Brewers who use municipal water for their beers know that it is treated with chlorine for disinfection and that residual chlorine may react with phenols in malt to produce chlorophenols, which lend a plasticlike taste to beer at parts-per-billion levels. Most brewers also remember from their days of keeping pet goldfish that allowing water to stand, aerating it, or boiling it will allow chlorine to escape, thus rendering the water fit for Goldy and for brewing.
In recent years, more water authorities have started to treat water with ammonia in addition to chlorine. This treatment results in the formation of chemicals called chloramines, which are similar to chlorine in that they kill bacteria and aquarium fish and ruin beer.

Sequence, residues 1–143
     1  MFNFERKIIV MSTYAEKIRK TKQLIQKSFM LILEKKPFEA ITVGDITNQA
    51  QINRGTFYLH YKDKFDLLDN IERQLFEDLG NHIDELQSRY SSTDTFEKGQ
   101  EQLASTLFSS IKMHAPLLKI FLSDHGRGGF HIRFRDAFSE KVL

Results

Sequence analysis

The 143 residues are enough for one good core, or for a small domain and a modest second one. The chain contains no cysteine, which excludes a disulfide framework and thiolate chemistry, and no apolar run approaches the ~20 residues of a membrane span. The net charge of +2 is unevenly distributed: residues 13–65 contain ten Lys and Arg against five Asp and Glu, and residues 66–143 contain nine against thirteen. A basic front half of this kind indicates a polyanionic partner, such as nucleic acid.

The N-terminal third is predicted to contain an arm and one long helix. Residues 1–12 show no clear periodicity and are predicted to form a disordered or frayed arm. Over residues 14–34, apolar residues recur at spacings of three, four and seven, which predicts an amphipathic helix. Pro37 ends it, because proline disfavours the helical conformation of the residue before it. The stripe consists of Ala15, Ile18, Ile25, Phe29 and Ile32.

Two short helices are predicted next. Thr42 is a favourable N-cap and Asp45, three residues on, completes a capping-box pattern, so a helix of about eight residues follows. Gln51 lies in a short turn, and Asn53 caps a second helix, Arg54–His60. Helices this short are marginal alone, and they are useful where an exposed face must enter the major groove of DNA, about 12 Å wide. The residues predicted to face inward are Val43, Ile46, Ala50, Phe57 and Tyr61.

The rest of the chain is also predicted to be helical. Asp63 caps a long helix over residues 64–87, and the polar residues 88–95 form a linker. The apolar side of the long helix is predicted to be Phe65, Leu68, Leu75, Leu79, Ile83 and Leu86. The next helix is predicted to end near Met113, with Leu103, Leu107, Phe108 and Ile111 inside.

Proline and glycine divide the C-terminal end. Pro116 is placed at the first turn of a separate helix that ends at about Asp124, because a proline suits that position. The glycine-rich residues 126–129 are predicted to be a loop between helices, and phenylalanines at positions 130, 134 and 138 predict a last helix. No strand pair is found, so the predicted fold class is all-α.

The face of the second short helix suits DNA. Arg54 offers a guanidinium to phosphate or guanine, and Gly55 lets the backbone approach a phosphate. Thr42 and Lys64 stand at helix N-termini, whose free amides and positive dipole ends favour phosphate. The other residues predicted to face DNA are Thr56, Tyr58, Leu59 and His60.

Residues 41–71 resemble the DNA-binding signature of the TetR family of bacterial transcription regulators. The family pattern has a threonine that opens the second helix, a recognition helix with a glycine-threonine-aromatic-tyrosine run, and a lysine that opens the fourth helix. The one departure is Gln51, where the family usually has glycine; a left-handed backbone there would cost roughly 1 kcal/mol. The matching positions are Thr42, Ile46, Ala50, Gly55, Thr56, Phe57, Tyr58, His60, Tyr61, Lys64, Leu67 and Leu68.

Standing, aeration, and boiling will remove chloramines from water, but not very effectively. Water in my area (Fairfax County, Virginia) contains the equivalent of 3 mg/L of chlorine in chloramines, a fairly high level. Ten gallons of this water allowed to stand in a 25-gallon stock pot required weeks to lose chloramine down to the <0.1 mg/L level. Almost two hours of boiling is required to get the chloramine in Fairfax County water down to the hundredths of milligrams per liter.
This article explains how to measure chlorine and chloramines in your brew water and how to reduce or eliminate these beer-spoiling chemicals if they are causing you problems.
What Are Chloramines?
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